BOSTON (Reuters) - Meetings hold a lot of promise for your business but are rarely executed well, often because the same people hog the spotlight. Harvard Business Review has some ideas for turning that around.
The Management Tip of the Day offers quick, practical management tips and ideas from Harvard Business Review and HBR.org (www.hbr.org). Any opinions expressed are not endorsed by Reuters.
"You know the drill: A meeting is called to discuss an important issue but only the usual suspects participate. Everyone else is quiet and their opinions go unheard.
Meaningful contribution is the key to meeting success. Here are three ways to get more people involved:
1. Don't dominate. This not only gives others less time to speak up but also conveys that only your ideas are important. Let at least three people speak before you talk again.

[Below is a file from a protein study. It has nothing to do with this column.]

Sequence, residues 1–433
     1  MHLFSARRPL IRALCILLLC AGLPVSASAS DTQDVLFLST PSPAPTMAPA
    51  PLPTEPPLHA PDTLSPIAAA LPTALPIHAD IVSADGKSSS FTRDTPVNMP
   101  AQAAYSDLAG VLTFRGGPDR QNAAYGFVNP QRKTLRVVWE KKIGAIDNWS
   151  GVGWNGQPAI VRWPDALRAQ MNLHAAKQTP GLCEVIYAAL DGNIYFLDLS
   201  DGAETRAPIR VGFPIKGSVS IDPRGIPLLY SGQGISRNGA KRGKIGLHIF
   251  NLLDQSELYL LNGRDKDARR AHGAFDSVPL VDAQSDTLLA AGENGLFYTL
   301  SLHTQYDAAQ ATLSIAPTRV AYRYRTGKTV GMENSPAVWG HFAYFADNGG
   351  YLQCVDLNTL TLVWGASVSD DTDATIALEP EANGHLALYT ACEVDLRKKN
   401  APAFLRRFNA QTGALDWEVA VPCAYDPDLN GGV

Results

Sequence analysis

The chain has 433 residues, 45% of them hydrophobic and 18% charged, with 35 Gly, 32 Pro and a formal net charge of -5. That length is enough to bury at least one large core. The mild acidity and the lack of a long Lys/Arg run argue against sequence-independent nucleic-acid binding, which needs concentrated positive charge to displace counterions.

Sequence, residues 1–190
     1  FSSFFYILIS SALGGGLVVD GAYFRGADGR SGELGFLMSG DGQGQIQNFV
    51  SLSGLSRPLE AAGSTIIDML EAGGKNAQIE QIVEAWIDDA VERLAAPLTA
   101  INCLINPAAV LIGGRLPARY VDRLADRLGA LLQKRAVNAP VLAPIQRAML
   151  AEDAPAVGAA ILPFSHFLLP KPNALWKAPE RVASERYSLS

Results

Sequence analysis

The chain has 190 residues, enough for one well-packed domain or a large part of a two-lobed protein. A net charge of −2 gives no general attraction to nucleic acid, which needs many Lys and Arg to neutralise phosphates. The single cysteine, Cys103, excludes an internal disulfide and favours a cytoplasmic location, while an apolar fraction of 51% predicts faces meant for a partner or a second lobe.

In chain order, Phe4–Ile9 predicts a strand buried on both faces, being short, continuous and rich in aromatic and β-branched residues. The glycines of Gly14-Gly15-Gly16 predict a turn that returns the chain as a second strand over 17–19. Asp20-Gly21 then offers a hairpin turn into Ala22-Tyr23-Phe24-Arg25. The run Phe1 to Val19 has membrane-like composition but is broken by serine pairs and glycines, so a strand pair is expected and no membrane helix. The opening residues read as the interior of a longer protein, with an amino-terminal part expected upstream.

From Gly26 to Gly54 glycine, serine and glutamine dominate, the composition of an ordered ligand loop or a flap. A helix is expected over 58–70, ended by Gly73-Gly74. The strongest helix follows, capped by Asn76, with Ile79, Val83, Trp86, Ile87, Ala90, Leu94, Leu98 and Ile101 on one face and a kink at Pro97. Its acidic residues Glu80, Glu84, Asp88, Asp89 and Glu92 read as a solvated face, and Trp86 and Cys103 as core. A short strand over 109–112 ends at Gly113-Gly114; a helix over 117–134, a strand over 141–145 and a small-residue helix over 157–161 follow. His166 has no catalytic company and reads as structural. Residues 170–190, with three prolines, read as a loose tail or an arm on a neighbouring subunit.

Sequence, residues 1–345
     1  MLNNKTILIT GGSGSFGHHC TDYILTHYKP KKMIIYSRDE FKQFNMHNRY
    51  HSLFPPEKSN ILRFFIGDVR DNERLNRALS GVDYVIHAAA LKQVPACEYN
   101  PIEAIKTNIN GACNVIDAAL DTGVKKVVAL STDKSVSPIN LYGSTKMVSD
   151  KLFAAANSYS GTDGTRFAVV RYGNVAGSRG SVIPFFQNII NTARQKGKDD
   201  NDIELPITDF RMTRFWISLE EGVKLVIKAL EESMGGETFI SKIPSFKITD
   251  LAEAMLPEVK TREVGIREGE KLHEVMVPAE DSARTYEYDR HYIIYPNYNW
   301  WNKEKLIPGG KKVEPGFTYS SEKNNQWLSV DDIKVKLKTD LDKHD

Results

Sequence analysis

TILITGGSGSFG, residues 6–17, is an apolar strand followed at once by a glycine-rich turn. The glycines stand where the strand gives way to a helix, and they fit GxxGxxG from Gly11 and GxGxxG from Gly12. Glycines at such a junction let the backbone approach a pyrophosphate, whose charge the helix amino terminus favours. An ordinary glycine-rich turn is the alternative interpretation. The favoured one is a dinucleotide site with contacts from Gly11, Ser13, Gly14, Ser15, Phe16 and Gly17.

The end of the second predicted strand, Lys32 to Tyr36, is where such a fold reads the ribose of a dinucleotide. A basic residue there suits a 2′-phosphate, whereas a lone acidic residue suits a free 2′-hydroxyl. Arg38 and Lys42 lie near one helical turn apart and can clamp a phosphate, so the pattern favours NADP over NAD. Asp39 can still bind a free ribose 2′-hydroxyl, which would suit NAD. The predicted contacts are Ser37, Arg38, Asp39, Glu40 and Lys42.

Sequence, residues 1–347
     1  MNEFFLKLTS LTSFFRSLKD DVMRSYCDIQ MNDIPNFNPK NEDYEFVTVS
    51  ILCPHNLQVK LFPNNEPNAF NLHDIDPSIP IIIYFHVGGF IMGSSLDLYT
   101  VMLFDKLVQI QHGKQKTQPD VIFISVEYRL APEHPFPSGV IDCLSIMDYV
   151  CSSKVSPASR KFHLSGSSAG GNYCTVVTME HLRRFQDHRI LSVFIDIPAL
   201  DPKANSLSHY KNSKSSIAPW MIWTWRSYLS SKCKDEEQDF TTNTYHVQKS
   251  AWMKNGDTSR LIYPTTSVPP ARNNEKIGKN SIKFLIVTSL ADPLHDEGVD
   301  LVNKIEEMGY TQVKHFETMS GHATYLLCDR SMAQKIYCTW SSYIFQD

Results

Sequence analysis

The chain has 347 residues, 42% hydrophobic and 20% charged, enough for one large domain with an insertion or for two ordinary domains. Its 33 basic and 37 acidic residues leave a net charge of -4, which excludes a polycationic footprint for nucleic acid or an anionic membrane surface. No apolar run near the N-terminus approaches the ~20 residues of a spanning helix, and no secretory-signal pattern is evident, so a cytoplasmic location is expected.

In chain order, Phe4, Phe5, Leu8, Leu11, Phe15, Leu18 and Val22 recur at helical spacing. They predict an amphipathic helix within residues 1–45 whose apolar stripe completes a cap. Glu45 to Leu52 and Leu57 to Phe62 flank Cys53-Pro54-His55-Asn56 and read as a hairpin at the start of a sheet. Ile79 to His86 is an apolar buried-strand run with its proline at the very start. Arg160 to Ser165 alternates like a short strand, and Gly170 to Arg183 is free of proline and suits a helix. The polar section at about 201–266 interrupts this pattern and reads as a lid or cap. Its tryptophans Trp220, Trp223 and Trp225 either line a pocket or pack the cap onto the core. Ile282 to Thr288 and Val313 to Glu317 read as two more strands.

2. Be positive. Demonstrate that all ideas are valuable by restating important points. Thank people who are usually reticent for their comments.
3. Ask directly. To get input from everyone, ask each person for their thoughts. Don't do it in a confrontational way. Try, 'Do you have anything to share?'"
-Today's management tip was adapted from the Onpoint collection, "Guide to Making Every Meeting Matter."
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